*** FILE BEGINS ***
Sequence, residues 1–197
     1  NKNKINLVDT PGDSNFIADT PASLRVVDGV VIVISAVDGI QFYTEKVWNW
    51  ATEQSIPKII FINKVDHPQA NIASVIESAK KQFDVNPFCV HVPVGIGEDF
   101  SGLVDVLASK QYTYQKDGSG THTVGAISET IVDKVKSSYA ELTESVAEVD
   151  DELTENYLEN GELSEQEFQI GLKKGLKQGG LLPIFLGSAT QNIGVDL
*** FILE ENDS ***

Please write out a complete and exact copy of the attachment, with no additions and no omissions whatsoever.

Sequence, residues 1–197
     1  NKNKINLVDT PGDSNFIADT PASLRVVDGV VIVISAVDGI QFYTEKVWNW
    51  ATEQSIPKII FINKVDHPQA NIASVIESAK KQFDVNPFCV HVPVGIGEDF
   101  SGLVDVLASK QYTYQKDGSG THTVGAISET IVDKVKSSYA ELTESVAEVD
   151  DELTENYLEN GELSEQEFQI GLKKGLKQGG LLPIFLGSAT QNIGVDL